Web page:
A House Built on the Sand

Matthew 7:24-27

Much has been said already about the terrible situation unfolding at Penn State. Most of us are just short of speechless when we consider the atrocities reportedly inflicted upon those in our society we consider to be the most vulnerable and susceptible to manipulation.

L. Jon Wertheim and David Epstein of Sports Illustrated have written a revealing piece about a climate which fostered a “self righteous” and “insulated” environment where image trumped ethics. The result was endless justification without accountability. As you read the SI article, you begin to see what happens when we humans are elevated to a position of total control. The results inevitably turn ugly.

To me it is almost harder to come to terms with the failed response of an entire network of coaches, administrators, law enforcement and parents than it is to recognize the heinous crimes of Sandusky himself. From our perspective, it is almost easier to accept the reality of one man being a monster than a legion of respected agents of the public excusing themselves of the responsibility of stopping him.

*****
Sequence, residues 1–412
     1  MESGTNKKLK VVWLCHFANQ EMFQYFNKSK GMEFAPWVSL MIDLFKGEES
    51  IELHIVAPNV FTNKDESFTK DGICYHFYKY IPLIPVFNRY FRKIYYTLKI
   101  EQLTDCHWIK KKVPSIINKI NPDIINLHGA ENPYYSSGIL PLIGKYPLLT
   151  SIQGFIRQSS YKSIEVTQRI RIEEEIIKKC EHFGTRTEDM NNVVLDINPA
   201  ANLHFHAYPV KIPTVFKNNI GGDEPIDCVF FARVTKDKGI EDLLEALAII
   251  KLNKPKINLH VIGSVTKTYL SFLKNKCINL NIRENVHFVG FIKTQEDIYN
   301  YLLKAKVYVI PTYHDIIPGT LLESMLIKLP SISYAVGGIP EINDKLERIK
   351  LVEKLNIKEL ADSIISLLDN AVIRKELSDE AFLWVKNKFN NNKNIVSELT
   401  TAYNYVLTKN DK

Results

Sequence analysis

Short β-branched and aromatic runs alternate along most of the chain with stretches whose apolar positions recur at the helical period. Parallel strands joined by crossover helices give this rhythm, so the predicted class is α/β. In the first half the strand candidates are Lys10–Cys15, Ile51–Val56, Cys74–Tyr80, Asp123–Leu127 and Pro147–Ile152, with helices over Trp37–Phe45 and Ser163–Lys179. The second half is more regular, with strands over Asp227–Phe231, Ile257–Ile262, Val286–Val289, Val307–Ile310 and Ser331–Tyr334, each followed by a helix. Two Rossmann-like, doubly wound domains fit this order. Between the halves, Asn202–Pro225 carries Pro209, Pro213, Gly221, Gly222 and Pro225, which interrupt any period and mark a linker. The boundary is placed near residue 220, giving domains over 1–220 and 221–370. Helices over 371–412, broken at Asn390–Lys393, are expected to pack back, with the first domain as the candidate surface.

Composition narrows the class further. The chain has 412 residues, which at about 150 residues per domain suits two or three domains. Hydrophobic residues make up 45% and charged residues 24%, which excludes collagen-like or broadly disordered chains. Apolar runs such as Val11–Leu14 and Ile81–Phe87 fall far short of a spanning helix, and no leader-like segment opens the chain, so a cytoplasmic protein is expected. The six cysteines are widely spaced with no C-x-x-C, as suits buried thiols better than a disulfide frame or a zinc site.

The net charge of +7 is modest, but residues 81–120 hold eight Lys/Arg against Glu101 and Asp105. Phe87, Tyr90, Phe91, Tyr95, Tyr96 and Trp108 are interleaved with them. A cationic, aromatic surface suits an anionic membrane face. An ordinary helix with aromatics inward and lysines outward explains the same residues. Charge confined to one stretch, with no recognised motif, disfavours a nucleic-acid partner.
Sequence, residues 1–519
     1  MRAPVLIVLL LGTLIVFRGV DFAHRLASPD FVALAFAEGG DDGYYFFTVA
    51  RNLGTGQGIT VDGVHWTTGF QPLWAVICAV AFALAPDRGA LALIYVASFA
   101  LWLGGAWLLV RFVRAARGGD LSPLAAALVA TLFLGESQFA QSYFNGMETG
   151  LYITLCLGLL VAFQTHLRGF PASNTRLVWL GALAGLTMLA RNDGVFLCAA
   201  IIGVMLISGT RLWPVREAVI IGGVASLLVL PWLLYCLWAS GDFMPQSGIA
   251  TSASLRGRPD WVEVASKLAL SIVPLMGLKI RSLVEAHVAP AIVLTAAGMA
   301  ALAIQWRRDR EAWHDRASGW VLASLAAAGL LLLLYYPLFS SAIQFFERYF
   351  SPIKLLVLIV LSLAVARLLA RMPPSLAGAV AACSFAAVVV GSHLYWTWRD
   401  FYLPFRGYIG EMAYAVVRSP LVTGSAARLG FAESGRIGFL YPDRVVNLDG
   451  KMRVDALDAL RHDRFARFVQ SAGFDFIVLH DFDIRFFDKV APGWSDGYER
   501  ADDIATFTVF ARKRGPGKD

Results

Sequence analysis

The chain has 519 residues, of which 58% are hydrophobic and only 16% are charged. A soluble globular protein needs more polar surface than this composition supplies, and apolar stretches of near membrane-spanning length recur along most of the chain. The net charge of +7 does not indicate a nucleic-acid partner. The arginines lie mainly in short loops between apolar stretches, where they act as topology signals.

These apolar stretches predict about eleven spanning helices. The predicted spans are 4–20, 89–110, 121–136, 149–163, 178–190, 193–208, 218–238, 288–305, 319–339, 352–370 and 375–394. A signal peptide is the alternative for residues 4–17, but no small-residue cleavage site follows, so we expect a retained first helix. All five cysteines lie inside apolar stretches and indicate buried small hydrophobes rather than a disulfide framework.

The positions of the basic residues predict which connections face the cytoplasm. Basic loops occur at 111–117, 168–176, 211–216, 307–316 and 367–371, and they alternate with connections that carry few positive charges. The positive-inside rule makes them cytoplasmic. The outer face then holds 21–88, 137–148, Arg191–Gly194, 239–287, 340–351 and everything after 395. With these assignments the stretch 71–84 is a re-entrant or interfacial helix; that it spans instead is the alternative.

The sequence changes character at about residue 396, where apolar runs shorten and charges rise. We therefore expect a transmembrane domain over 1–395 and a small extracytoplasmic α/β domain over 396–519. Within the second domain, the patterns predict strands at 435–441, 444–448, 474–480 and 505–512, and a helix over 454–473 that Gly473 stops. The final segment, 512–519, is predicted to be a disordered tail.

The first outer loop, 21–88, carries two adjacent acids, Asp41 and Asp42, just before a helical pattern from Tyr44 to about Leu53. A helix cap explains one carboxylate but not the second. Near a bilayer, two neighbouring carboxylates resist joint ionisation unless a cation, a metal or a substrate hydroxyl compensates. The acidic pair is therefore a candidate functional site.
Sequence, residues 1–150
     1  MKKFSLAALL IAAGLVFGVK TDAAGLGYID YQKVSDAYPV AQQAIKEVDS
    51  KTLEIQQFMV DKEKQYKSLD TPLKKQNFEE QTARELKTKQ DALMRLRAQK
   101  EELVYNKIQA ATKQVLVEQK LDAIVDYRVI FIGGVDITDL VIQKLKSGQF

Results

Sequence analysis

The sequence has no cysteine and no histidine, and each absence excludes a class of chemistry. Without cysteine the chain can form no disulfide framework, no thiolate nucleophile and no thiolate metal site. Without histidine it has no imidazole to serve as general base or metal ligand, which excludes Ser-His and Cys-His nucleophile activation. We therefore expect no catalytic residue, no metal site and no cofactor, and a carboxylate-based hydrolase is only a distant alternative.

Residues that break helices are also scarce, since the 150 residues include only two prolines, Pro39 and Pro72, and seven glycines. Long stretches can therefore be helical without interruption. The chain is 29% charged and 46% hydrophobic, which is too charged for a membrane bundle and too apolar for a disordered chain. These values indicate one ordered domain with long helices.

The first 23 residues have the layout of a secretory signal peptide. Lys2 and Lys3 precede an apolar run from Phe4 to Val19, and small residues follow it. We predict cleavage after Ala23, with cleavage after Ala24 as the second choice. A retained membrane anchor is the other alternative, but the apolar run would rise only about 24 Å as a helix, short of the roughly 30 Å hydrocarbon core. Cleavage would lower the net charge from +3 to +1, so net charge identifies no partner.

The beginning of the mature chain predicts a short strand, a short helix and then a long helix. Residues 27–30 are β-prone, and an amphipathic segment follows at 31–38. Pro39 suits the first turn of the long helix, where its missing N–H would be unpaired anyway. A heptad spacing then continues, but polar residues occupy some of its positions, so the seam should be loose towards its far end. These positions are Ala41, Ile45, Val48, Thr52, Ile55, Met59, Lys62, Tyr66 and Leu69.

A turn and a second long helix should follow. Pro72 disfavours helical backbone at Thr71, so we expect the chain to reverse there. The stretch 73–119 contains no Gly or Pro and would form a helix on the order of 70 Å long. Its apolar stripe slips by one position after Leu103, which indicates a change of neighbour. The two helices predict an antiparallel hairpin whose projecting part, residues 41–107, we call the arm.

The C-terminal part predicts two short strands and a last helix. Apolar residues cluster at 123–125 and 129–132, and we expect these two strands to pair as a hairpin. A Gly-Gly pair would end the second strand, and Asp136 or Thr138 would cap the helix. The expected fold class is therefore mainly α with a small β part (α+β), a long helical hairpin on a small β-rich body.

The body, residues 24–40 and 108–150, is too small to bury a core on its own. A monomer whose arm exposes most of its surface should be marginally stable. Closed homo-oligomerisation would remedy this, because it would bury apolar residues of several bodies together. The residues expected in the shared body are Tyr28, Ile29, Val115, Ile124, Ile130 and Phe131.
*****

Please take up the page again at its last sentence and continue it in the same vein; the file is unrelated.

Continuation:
The warning thread between the lines of the SI article is how quietly and subtly traditions and moral codes morph into lies and deception, even with the best intentions. Once again, we observe the human tendency of discerning right and wrong on our own terms.

It is not popular to say in our culture, but the reality is our natural tendency is to sin. We are not inherently good. We don’t gravitate toward righteousness. The bible clearly indicates such and I am consistently surprised at how our culture continues to expect “this” time will be different.

Frustration and anger is likely a reasonable response to the terrible acts committed by Jerry Sandusky. However, as we seek to understand what went wrong in the culture at Penn State to allow such crimes to be committed over such a long period of time, possibly we can use an ounce of humility and come to terms with the reality of our inability to do good on our own.

A house built by human hands is susceptible to human error. As Alexander Pope so eloquently put; “To err is human; to forgive, divine.” As the Penn State tragedy unfolds before us, we are provided a glimpse into how simply unbelievable God’s grace is in that He continually forgives our endless cycle of sin. He is not surprised by our failures, even when we are.

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